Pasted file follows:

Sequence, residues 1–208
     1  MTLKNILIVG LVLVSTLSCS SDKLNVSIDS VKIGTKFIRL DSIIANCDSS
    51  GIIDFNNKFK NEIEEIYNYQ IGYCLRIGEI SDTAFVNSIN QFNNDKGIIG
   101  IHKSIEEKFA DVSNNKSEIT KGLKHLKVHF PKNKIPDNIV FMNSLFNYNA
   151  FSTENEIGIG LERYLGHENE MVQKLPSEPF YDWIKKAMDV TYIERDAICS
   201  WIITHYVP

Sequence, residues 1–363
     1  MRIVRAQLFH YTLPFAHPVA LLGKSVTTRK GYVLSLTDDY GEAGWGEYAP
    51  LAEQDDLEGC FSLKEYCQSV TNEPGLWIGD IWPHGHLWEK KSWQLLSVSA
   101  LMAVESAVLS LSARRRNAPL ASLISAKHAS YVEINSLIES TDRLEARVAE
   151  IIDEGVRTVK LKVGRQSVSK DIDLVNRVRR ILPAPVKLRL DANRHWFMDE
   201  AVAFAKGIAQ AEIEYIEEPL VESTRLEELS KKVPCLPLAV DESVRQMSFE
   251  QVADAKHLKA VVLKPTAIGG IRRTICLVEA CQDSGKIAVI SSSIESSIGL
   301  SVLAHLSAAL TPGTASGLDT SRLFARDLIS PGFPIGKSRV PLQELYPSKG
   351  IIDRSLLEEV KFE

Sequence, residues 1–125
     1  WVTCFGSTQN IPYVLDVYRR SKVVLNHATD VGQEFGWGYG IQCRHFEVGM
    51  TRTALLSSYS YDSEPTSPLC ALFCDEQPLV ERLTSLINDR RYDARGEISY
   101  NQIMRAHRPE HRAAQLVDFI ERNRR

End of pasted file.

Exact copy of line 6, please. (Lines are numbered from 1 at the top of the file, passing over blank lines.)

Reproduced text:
   201  WIITHYVP